Why is it that most of us feel higher doses work better, but no one can officially prove this? First, the FDA in the U.S. only requires agents to be better than placebo with improvements of 20-50% depending upon which mental disorder is being studied. Second, sample sizes are usually 300 subjects and these are powered statistically to show that an agent needs to be better than placebo with improvements of 20-50% only. As our agents are fairly effective, rating scales may be lowered 50% after initial dosing of the drug, leaving little room for improvement as doses are escalated. There are fewer patients remaining in the study with significant symptoms where 50% more improvement can even occur. Leaders in the field of depression research suggest that studies with 1000-2000 subjects may be needed to truly show that dose escalation statistically works (Schwartz, Thase, Storman, 2006; Cohen, 1977). In the meantime, we are left with sample sizes equal to one: our patient at hand. Clinically, we should aim for the minimum therapeutic dose, wait four to six weeks and evaluate. If there is no effect, dose to the mid-range per regulatory guidelines for four to six weeks. If there is still no effect, aim for the highest dose allowed and wait several weeks. If there is no effect even now, at least there is proof that a full dose and full duration was used.
What is a good duration for an antidepressant monotherapy trial? Some authors suggest that if there is no partial response within the first two weeks then remission is doubtful (Szegedi et al. 2009). Others, and the NIMH-sponsored STAR*D (Trivedi, Rush, Wisniewski, et al. 2006) trial, suggest that 12 weeks at moderate to high dosing is really needed as some patients respond early and some later. Clearly, there is room for the psychopharmacologist again to treat patients on an individual basis and to vary duration as needed.
As far as the brain and our neurons are concerned, our antidepressants obviously change transmitter levels almost immediately but we rarely see remission within hours. After a few to several weeks of treatment, we often can see receptor down regulation or build-up in neurotrophic factors. It seems that our antidepressants work by changing neuronal gene activity to facilitate the production of new proteins (neurotrophic factors), which takes four to six weeks (Stahl, 2008; p521-523). So pharmacodynamically, this timeframe is a good duration. What about the sedatives for anxiety, they work within one dose or a few days? They optimize ion channels directly and work quickly.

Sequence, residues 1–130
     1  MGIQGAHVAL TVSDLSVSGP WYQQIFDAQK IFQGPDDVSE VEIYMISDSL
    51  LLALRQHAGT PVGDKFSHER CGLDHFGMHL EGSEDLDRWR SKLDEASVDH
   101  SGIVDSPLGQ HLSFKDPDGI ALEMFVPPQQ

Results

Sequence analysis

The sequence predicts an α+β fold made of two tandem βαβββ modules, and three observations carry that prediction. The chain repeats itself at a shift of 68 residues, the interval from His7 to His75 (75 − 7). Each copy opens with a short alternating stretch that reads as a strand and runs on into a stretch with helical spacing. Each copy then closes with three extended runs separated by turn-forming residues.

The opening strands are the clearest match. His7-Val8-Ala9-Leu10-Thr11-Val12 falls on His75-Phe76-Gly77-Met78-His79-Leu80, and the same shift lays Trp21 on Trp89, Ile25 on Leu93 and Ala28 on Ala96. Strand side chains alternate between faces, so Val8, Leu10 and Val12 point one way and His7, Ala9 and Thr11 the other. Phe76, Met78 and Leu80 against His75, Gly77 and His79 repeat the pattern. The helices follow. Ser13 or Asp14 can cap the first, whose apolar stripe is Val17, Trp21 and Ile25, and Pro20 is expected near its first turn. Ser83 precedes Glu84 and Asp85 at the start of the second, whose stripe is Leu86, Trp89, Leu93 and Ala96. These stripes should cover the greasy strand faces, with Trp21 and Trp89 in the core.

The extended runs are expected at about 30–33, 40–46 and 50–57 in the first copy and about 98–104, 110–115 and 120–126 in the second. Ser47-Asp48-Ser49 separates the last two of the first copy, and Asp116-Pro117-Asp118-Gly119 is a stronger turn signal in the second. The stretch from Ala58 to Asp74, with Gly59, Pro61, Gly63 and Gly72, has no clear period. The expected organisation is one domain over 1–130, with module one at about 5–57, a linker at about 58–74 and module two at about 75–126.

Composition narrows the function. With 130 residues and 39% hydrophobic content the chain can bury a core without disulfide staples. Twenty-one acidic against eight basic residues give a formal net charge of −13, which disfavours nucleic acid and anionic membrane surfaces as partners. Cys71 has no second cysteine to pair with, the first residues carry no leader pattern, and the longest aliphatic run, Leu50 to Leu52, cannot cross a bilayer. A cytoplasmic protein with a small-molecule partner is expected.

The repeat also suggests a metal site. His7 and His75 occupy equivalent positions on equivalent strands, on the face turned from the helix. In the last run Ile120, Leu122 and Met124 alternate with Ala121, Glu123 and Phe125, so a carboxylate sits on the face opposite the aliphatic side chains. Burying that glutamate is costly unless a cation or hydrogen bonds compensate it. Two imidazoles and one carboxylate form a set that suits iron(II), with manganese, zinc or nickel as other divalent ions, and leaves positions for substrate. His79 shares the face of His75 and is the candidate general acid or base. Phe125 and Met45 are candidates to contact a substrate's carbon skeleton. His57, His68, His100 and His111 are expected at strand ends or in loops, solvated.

Antipsychotics? They seem to work within three to four days for mania and one to two weeks for psychosis from schizophrenia. The dopamine receptor blockade here likely diminishes dopamine neurocircuitry tone to provide effectiveness which is moderate in course (Stahl, 2008; p329-332). Perhaps duration of treatment should depend on the agent and the mental disorder.
If a clinician can assure a good dose and duration as above, and there is no response at all, then a switch to a new agent should occur. In fact, certain authors might suggest that if an initial monotherapy provides only a partial response from 0-30% better, it should likely be abandoned and a switch to a new monotherapy should occur (Zajecka and Goldstein, 2009). The new drug should affect a different dynamic mechanism. In the case of depression, switching from SSRI to SSRI to SSRI makes little pharmacodynamic and clinical sense. If the response is greater than 30%, then an augmentation/combination approach should occur (Zajecka and Goldstein, 2009). There is almost no conclusive data to support multiple switches or multiple combinations, so oftentimes this is at the discretion of the clinician. We also know that if a drug is not working over many weeks, it probably will not start to work months later, so switching agents is often the prudent choice.
Advanced Psychopharmacology Principles
Augmenting refers to adding a non-approved agent to boost clinical effectiveness (e.g. thyroid hormone added to tricyclic antidepressant for depression), and combining suggests that a clinician add two approved agents (e.g. bupropion added to sertraline for depression) together instead. The net effect is polypharmacy in order to obtain better outcomes. Again, in the depression world, only one third of patients obtain remission on a monotherapy (Trivedi, Rush, Wisniewski, et al. 2006). Therefore, we either need to use the strategy above and maximize monotherapy then switch agents, or add products together. At a large scale national event, I asked a large audience of psychiatrists how many drugs their usual depressed patient is prescribed. The answer was 'two or more,' routinely (Schwartz and Rashid, 2007). We have few approvals for combined medications like: amitryptiline-perphenazine for depression and olanzapine-fluoxetine for depression, but most of the time we prescribe 'off-label' where there is little to no evidence-base with statistically powered analysis to support our polypharmacy strategies- which seems to be the standard of care for resistant illness.